and shops within a given space. In this last respect,
Washington is much behind fifty other American towns,
even while it is the only place in the whole republic which
possesses specimens of architecture, on a scale approaching
that of the higher classes of the edifices of the old
world. It is totally deficient in churches, and theatres,
and markets; or those it does possess are, in an architectural
sense, not at all above the level of village or country-town
pretensions, but one or two of its national edifices
do approach the magnificence and grandeur of the old
world. The new Treasury Buildings are unquestionably,
on the score of size, embellishments and finish, the American
edifice that comes nearest to first class architecture
on the other side of the Atlantic. The Capitol comes
next, though it can scarce be ranked, relatively, as high.
As for the White House, it is every way sufficient for its
purposes and the institutions; and now that its grounds are
finished, and the shrubbery and trees begin to tell, one
sees about it something that is not unworthy of its high
uses and origin. Those grounds, which so long lay a reproach
to the national taste and liberality, are now fast
becoming beautiful, are already exceedingly pretty, and
give to a structure that is destined to become historical,
having already associated with it the names of Jefferson,

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Madison, Jackson, and Quincy Adams, together with the
ci polloi of the later Presidents, an entourage that is suitable
to its past recollections and its present purposes.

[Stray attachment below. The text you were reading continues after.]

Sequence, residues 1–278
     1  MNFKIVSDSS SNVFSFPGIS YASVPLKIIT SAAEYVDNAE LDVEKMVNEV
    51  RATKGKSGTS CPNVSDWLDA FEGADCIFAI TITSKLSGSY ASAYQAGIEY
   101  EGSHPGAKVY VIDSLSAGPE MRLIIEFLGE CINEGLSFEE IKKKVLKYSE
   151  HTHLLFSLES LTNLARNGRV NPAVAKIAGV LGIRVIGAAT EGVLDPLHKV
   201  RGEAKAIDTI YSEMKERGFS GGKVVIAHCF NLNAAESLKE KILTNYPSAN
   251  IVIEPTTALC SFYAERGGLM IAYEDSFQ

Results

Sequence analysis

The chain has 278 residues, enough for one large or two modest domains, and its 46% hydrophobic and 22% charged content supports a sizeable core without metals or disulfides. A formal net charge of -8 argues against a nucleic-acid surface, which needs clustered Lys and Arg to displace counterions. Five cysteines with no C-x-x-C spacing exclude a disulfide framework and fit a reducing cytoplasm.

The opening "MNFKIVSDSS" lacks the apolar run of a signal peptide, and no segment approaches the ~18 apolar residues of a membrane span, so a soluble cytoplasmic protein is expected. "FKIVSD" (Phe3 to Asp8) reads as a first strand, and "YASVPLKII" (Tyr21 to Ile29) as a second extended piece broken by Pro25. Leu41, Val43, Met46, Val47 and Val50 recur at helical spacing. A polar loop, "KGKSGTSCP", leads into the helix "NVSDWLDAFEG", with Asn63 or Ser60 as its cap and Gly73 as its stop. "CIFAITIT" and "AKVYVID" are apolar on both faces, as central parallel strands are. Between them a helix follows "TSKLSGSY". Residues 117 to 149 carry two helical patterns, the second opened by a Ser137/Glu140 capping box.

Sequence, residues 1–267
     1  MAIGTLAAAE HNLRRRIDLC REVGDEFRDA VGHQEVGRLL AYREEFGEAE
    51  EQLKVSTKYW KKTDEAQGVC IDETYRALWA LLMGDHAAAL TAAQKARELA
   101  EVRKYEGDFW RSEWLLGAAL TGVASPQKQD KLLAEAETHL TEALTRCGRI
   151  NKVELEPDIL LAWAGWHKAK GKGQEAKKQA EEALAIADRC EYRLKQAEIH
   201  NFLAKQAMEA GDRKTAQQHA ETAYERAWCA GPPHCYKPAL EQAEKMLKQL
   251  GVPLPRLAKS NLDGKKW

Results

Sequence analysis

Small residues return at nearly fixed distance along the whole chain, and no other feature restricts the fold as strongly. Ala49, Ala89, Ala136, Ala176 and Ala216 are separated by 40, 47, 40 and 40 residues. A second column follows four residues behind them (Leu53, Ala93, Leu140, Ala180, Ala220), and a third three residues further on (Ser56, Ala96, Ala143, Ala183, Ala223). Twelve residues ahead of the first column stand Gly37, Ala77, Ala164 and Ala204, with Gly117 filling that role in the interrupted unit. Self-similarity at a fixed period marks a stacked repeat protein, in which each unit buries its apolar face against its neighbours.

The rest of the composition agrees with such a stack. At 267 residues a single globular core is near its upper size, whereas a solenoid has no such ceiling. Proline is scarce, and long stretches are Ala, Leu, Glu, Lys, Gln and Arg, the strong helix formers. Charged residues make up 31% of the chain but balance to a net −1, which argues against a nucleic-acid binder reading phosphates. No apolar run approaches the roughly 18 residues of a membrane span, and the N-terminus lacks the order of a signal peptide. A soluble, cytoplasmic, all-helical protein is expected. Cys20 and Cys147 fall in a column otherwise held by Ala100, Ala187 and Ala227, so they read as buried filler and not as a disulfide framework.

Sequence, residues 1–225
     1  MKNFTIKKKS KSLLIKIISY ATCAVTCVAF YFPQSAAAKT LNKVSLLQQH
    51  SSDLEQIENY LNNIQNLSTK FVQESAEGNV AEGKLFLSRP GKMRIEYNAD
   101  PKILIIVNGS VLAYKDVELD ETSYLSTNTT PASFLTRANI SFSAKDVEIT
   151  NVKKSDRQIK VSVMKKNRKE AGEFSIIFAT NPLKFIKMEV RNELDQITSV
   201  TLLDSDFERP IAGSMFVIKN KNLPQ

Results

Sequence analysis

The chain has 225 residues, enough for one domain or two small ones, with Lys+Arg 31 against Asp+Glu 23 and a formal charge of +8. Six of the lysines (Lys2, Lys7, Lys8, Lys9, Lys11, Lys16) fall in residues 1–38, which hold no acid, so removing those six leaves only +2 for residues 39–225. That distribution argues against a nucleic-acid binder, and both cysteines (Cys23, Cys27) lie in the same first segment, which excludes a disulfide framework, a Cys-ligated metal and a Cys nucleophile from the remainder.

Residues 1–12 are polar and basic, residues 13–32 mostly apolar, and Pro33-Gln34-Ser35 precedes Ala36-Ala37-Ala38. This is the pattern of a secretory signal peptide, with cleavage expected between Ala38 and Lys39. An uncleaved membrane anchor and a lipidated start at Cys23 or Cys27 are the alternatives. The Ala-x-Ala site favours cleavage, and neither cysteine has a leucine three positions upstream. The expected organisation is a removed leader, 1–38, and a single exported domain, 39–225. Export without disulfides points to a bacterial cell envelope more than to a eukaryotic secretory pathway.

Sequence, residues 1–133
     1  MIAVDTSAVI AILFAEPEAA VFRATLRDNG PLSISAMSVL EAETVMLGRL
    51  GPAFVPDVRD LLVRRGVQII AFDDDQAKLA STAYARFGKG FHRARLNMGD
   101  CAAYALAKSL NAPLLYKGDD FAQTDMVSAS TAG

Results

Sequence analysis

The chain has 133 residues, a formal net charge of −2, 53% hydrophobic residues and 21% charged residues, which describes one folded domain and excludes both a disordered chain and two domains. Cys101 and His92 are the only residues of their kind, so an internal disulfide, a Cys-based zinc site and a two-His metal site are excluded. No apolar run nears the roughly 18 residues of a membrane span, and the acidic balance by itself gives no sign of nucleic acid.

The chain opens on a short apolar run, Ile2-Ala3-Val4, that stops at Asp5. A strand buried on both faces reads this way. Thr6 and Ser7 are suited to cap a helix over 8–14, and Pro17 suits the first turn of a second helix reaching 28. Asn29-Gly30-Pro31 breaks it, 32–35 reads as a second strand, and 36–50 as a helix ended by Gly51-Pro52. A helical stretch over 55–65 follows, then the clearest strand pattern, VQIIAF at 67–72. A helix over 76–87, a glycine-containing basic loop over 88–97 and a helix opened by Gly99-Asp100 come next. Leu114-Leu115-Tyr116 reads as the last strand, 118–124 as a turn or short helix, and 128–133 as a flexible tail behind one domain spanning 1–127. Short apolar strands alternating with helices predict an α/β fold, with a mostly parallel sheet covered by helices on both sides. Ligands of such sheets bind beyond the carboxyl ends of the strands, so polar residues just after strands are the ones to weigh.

They are not quite on a level with the parks of London,
it is true; or even with the Tuileries, or Luxembourg, or
the Boboli, or the Villa Reale, or fifty more grounds and
gardens, of a similar nature, that might be mentioned;
but, seen in the spring and early summer, they adorn the
building they surround, and lend to the whole neighbourhood
a character of high civilization, that no other place
in America can show, in precisely the same form, or to the
same extent.

This much have we said on the subject of the White
House and its precincts, because we took occasion, in a
former work, to berate the narrow-minded parsimony
which left the grounds of the White House in a condition
that was discreditable to the republic. How far our philippic
may have hastened the improvements which have
been made, is more than we shall pretend to say; but
having made the former strictures, we are happy to have an
occasion to say (though nearly twenty years have intervened
between the expressions of the two opinions) that
they are no longer merited.

And here we will add another word, and that on a subject
that is not sufficiently pressed on the attention of a
people, who, by position, are unavoidably provincial. We
invite those whose gorges rise at any stricture on anything
American, and who fancy it is enough to belong to the
great republic to be great in itself, to place themselves in
front of the State Department, as it now stands, and to
examine its dimensions, material and form with critical
eyes, then to look along the adjacent Treasury Buildings,
to fancy them completed, by a junction with new edifices
of a similar construction to contain the department of
state; next to fancy similar works completed for the two
opposite departments; after which, to compare the past
and present with the future as thus finished, and remember
how recent has been the partial improvement which
even now exists. If this examination and comparison do
not show, directly to the sense of sight, how much there
was and is to criticise, as put in contrast with other